University of Iowa News Release
Release: April 23, 2003
UI Law Library Hires International Collection Librarian
The UI College of Law library has hired its first specialist librarian to oversee its ever-growing collection of international and comparative law documents.
Mary Sexton, a native of Chicago, will oversee the approximately 300,000 books, periodicals, treaties, papers, court decisions, and other legal materials relating to international and comparative law, including a microform collection of every United Nations document ever produced and one of the best collections available in the United States of materials from British Commonwealth countries. She will select which documents to buy in the future and help faculty and students from other parts of the university locate materials they need in their research. In addition, she will teach classes in international legal research.
As the law library's first comparative and international librarian, Sexton found her services were quickly needed.
"My first day on the job, I was still being shown around the library, and students were already asking for my assistance," she said.
Arthur Bonfield, associate dean of the law school for research and head of the law library, said Sexton's first-day experience is evidence of the greatly increasing demand by students and faculty in all parts of the university for international and comparative law materials and the need for a specialized librarian to help them.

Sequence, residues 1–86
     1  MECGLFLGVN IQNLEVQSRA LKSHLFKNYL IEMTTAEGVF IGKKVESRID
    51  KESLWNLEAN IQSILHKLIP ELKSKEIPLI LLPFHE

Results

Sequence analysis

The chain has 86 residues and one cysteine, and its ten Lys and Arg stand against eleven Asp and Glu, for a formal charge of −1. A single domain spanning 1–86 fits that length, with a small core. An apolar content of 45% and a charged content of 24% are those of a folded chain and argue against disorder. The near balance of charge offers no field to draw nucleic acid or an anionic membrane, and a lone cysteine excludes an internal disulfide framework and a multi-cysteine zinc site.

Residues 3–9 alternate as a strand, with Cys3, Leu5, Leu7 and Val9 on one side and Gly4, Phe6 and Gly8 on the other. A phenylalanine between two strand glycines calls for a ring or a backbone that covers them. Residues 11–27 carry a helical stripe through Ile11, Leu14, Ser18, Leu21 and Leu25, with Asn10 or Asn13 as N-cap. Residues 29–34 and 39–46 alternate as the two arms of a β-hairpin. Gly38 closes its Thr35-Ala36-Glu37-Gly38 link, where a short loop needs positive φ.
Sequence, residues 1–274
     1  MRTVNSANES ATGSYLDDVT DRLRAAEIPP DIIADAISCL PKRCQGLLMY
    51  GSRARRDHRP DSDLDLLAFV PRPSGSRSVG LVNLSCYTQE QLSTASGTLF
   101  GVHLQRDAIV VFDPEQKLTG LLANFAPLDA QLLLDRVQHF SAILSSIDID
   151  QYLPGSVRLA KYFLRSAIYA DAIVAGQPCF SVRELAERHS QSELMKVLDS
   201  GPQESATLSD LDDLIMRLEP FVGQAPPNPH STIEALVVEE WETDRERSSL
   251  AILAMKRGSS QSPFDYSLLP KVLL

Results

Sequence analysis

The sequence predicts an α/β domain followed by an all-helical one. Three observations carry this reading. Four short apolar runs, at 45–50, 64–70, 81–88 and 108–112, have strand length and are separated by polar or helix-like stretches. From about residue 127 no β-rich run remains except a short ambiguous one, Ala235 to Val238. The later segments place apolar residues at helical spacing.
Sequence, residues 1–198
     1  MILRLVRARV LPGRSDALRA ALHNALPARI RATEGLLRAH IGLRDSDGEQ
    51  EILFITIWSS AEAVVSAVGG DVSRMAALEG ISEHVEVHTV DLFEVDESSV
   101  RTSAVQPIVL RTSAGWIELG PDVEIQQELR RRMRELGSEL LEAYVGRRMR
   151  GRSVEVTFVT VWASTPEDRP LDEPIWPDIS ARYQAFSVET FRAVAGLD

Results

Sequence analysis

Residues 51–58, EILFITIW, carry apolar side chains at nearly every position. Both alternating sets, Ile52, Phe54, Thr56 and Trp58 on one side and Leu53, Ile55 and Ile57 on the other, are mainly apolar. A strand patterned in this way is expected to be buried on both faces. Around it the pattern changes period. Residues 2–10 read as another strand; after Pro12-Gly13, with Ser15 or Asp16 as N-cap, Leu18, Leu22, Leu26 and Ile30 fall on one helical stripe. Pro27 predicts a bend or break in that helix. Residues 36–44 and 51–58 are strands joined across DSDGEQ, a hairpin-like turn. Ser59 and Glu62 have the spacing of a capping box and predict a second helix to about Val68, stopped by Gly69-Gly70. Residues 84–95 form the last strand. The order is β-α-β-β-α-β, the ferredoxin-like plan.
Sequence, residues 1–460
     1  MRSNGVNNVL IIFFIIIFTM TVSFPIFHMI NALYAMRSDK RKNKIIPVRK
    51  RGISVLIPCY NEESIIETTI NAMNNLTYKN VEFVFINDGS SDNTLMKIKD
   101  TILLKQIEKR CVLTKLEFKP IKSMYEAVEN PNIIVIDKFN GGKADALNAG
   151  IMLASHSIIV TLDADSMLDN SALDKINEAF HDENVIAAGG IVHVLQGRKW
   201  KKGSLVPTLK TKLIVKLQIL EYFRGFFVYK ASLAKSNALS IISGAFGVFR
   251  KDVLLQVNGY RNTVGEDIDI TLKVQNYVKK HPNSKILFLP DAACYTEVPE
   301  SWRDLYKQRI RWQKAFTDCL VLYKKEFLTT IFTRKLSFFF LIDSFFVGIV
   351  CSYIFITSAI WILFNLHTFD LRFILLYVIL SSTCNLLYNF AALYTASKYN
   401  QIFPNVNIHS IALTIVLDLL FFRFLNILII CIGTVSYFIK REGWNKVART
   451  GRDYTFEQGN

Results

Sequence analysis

"Because of rapidly changing political and economic circumstances, the practice of law has become increasingly internationalized," Bonfield said. "Traditional political boundaries no longer limit business transactions or human affairs. As a result, lawyers must increasingly involve themselves on an everyday basis in legal problems with an international or comparative law dimension."
And because the effects of globalization are not confined to law, Bonfield said the law library's international and comparative collection is becoming a vital resource for students and faculty from disciplines across the university. A full-time specialist was needed to help select new foreign and international materials for the collection and to help users find the information they need, he said.
Sexton had previously worked as a law librarian at the University of Maine School of Law in Portland, Maine, and the University of San Diego School of Law. She received her undergraduate degree from Barat College in Lake Forest, Ill., her law degrees from the University of Michigan and New York University, a master's degree in English and linguistics from Northwestern University and a master's in library science from Rosary College in River Forest, Ill.
What impressed Sexton most about the UI College of Law's comparative and international collection was not only its unusually large size and breadth, but also the number of documents available in their primary languages.
"Any good law school library has the basics, but most don't collect as extensively from non-U.S. jurisdictions," she said. "It's also very helpful to understand a document to be able to read it in its primary language.
"It's a wonderful library with a splendid comparative and international collection that presented me with a great opportunity," she said.
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